The Capitals have lost three straight, but this defeat stung in a way the others didn’t — the players felt they deserved a better result for their effort.
“I think it was probably one of the best games we’ve played, but we don’t get results,” said Alex Ovechkin, who tied the game at 1 with 4 minutes 10 seconds remaining in regulation with his league-leading 20th goal of the season. “We have to stick with the system and take this game in our mind.”
On Saturday morning, hours after Washington dropped Friday’s game, 3-2, to the Montreal Canadiens in an error-ridden performance at Verizon Center, Coach Adam Oates “blasted” the team’s performance. He wanted to see the Capitals (12-10-2) follow the game plan, show some defensive aptitude and not self-destruct when play entered their own zone.
They responded. While it wasn’t a flawless outing — the Maple Leafs created a handful of solid looks on odd-man rushes — the support in the defensive zone was apparent through clean exits and simple plays to derail any opposing momentum. That strong play also aided goaltender Braden Holtby, who finished with 27 saves.
“It was night and day. Night and day. We stuck to the game plan. We handled the pressure when we got it,” Oates said. “We did a better job of not shooting ourselves in the foot giving them a second and third chance and wearing ourselves out. We handled the pressure when it was there. We made a decent play, gave it to the next guy, got centered, got it in, allowed ourselves to get into our game.”
For all of the Capitals’ improvements in their own end, though, they didn’t do enough to truly challenge Reimer. The volume of shots didn’t necessarily equate to an overwhelming night for the netminder.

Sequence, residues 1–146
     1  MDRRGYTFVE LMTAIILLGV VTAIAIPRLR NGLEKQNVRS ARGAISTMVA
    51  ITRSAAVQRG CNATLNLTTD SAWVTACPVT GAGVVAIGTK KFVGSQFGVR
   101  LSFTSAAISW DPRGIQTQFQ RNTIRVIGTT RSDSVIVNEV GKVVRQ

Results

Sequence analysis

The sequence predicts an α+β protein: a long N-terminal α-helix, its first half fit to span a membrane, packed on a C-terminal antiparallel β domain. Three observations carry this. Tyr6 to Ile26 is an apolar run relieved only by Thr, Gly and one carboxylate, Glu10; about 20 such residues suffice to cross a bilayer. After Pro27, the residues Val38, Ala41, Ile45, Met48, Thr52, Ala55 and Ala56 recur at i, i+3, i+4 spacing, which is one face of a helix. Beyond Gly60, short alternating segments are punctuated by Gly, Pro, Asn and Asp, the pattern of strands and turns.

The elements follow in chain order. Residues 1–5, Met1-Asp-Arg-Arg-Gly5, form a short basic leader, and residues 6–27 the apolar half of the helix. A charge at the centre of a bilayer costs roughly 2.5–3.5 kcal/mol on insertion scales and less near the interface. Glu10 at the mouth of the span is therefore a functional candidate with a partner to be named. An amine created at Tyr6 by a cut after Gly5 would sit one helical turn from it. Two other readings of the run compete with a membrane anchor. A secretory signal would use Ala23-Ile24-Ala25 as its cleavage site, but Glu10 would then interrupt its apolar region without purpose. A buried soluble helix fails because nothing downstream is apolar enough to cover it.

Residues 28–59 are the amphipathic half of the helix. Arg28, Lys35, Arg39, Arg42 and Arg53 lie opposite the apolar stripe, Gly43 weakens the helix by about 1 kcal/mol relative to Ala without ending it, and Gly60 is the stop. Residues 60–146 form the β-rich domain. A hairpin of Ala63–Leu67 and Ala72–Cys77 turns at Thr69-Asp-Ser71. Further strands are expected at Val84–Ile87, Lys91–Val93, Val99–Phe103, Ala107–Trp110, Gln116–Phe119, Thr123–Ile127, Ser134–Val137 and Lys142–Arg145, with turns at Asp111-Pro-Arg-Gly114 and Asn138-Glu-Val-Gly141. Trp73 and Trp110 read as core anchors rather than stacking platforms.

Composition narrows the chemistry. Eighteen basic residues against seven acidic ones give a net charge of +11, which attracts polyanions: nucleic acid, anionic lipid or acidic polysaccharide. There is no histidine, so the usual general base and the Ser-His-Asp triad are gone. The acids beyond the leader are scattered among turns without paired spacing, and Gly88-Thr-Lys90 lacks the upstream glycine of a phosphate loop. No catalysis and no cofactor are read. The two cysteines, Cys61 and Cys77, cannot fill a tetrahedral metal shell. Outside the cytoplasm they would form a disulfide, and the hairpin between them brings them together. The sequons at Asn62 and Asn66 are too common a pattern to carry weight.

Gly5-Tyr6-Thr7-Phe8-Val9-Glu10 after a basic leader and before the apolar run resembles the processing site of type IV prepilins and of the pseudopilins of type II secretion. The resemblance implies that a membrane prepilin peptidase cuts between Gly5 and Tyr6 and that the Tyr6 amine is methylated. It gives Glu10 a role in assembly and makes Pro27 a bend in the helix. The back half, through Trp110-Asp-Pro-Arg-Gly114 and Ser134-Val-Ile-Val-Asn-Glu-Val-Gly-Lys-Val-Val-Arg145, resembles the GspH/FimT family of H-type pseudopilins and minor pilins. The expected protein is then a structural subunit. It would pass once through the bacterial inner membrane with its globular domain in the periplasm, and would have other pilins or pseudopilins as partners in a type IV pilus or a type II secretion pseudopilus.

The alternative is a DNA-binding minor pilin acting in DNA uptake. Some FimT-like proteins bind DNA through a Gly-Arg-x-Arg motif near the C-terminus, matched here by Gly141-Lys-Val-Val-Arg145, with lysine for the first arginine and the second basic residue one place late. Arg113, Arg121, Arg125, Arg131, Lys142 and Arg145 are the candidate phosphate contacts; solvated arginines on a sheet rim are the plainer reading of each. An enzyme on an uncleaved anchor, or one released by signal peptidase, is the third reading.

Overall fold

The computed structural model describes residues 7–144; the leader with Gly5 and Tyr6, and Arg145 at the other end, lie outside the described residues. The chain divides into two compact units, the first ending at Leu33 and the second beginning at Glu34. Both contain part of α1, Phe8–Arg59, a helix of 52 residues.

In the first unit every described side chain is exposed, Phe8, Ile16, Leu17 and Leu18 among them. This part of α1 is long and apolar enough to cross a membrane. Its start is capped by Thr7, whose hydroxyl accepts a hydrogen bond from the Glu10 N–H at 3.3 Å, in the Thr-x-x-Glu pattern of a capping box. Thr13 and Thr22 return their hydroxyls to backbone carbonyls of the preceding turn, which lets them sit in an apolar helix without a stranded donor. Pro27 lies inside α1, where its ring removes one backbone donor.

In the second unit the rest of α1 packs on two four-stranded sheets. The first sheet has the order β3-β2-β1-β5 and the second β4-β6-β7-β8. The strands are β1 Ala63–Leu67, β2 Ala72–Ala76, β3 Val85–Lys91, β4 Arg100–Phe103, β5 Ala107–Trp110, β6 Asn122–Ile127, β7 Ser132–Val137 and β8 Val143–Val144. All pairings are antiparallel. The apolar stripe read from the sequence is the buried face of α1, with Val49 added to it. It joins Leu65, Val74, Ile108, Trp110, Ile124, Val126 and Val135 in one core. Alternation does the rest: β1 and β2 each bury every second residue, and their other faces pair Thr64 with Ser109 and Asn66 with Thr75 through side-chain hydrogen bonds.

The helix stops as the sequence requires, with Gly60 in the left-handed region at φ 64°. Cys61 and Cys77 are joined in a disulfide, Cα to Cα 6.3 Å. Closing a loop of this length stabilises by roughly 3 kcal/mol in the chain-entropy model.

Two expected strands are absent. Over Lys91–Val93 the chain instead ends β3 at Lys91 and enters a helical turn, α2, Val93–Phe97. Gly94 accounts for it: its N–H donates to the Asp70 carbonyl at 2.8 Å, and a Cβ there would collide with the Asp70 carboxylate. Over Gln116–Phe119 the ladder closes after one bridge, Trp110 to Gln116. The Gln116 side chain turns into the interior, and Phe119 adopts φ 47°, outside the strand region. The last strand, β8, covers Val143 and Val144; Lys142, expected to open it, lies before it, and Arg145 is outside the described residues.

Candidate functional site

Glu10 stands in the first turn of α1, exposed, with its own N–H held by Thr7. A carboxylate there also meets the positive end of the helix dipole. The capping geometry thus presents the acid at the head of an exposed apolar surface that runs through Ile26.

“Honestly, it was more of them just throwing pucks at the net from everywhere,” Reimer said. “As far as tiring games and stuff like that, I’ve had some 30-, 35-shot games that have been more tiring and more gassing, you could say, because offensive-time zone, stuff like that.”
After a scoreless first period that saw Holtby weather a number of quality scoring chances, including Phil Kessel on the doorstep and a point-blank one-timer from Nikolai Kulemin, Washington took control in the second. The Capitals outshot Toronto 11-0 through the first 11 minutes, drawing a pair of penalties in the process.
Those four minutes of power-play time offered the clearest demonstration of Washington’s inability to fluster Reimer. They put seven shots on goal during those two power plays, including many booming blasts from the slot, but they didn’t have anyone in front obstructing the goaltender’s view.
“You can see if we get chance to shoot the puck, we don’t have nobody in front of the net,” Ovechkin said. “Right now this league it’s pretty hard to score from the blue line or middle of the ice if goalie see the puck.”
Nicklas Backstrom concurred: “We talked about it actually after the first power play but couldn’t get enough guys in front of the net. That’s something we’re looking at. That’s something we need.”
Less than a minute after Washington’s second power-play opportunity expired, the Maple Leafs (14-8-1) received their first of the game, and David Clarkson gave them a 1-0 lead with a deflection in front 10:08 gone in the second. It was precisely the type of threat Washington lacked on its man-advantage.
After being limited to three shots through the first 55 minutes, Ovechkin found just enough space to shake his Maple Leafs detail after an outlet pass from Mike Green and blasted a slap shot through Toronto captain Dion Phaneuf and Reimer to even the score at 1.
But Ovechkin’s tally was only enough to secure one point, not two.
“We put up a bunch of shots, we don’t give up as many and we still lose a game. It kind of stinks,” John Carlson said. “I think we played a great hockey game from the defense to offense, goaltending was great and we didn’t come out with a win.”
Mikhail Grabovski needed 20 stitches to close two wounds near his right eye after he fell and was accidentally cut by Clarkson’s skate late in the second period. He returned to the game in the third and finished the contest. . . . Martin Erat was a healthy scratch.